220.127.116.11 Equal Political Treatment of All Ethnic Groups
People are more likely to feel that they are being fairly treated if a government has explicit policies for treating all ethnic groups equally and allowing freedom of belief. Political neutrality can take different forms:
- A government can be tolerant towards all religions and none, although it bases its values on its own religious principles. This policy is described by Ronald Dworkin, in chapter 3 of his book Is Democracy Possible Here?, as “tolerant religious”. Political parties with names such as ‘Christian Democrat’ might fall into this category.
- It can be secular, in the sense of being without religion, and can be similarly tolerant towards all; it means that the civil law does not discriminate against any religious group or curtail religious practices. Ronald Dworkin described this policy as “tolerant secular”. He pointed out that there is disagreement over whether the American Constitution could be described as “tolerant religious” or “tolerant secular”.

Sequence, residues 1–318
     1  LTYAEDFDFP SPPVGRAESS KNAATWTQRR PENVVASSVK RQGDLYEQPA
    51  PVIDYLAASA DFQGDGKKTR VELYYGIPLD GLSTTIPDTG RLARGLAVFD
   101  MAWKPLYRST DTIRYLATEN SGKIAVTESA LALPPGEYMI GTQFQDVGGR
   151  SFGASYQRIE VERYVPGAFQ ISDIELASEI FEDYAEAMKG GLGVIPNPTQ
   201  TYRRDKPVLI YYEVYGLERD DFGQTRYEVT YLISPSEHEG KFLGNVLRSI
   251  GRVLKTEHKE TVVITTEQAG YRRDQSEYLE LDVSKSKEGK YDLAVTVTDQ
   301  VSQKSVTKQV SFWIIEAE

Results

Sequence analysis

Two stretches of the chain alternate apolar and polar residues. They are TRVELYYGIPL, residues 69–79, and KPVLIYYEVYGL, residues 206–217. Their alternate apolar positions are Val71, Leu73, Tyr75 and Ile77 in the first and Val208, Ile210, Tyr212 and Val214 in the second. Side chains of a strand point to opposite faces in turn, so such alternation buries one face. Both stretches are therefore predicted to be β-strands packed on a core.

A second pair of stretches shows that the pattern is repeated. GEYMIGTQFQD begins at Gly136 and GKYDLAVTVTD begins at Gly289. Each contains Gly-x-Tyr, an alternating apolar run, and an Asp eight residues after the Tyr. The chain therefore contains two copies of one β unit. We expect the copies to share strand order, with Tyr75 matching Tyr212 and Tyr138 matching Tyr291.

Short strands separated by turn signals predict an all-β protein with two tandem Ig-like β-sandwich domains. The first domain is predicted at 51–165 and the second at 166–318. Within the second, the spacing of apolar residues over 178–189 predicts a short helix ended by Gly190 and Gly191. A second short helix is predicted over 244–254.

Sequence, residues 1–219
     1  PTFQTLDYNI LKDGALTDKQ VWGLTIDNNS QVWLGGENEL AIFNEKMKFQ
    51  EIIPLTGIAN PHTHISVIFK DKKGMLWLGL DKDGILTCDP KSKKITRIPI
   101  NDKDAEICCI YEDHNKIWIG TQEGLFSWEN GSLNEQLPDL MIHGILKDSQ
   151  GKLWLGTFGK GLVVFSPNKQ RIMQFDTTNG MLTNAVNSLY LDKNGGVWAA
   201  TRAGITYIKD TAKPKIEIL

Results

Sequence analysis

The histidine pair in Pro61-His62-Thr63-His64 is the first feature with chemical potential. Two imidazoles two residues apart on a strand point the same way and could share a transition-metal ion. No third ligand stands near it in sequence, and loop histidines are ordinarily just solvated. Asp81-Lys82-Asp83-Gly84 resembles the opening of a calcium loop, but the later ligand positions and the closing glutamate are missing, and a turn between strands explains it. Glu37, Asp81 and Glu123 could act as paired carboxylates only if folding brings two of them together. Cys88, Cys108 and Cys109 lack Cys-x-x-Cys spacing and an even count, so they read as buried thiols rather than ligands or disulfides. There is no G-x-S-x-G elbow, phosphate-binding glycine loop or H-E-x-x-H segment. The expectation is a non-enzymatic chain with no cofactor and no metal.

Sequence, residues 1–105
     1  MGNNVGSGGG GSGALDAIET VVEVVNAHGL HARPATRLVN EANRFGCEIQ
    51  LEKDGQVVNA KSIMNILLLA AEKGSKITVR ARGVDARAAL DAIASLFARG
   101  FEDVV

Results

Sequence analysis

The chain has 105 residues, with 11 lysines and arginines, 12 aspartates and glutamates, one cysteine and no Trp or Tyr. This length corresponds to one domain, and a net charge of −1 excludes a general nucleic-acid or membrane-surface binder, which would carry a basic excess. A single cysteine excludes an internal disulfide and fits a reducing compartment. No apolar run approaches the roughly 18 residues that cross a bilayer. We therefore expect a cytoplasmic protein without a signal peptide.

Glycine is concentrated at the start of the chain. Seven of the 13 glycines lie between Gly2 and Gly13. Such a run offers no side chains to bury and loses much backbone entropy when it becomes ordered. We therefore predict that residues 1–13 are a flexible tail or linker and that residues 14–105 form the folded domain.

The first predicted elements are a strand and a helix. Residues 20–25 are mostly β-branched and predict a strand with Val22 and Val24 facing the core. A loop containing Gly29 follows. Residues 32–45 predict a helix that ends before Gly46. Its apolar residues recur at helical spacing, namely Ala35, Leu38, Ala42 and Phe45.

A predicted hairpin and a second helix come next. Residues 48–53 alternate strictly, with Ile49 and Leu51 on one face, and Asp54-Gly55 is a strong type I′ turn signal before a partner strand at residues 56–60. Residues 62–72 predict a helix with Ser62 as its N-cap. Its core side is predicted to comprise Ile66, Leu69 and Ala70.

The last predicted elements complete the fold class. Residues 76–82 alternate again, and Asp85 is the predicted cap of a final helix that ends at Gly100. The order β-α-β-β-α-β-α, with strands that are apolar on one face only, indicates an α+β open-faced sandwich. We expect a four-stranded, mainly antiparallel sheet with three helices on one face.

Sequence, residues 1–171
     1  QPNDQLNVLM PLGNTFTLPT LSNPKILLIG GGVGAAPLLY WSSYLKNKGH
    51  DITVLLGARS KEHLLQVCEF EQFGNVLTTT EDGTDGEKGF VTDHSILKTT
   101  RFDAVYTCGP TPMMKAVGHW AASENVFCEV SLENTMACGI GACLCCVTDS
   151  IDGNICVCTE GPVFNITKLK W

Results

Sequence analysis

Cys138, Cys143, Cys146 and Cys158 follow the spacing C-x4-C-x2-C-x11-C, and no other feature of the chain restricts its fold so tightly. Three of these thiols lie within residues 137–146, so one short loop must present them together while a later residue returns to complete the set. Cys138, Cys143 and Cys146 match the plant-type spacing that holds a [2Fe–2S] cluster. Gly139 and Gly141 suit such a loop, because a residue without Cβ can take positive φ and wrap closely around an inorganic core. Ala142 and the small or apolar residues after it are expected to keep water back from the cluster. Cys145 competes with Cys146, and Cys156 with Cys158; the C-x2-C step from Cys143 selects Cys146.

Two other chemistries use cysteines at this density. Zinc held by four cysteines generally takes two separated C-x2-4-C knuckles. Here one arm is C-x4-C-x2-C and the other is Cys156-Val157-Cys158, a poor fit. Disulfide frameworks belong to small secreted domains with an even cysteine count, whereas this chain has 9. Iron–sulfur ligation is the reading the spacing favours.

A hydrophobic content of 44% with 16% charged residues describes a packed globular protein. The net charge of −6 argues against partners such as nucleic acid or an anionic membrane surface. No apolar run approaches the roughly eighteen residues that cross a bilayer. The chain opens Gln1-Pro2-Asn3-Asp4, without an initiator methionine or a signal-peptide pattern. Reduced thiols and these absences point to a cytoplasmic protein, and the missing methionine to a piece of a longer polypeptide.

- Karen Armstrong, on page 85 of her book The Battle for God, quoted Thomas Jefferson’s argument that there should be a “wall of separation” between religion and politics – and that this was the intention behind the First Amendment of the US. The need at that time was principally to gain the support of the different sects within Christianity, but it also caters for the protection of other religious groups including Jews and Muslims.
- Governments can attempt to make religion subordinate to the State, as Kemil Atatϋrk did in Turkey for example. This was described by Karen Armstrong as “aggressive”, on page 191 of The Battle for God, and it resulted in the term ‘secularism’ being interpreted by the Muslim world as “an attempt to destroy Islam”. She also described how a similar policy, as adopted by the Shah of Iran, led to a religious backlash which resulted in the Ayatollah Khomeini coming to power in 1953 to establish an Islamic State [pages 225-232].
The evidence suggests that tolerance towards religion is a more viable policy than attempting to suppress it.
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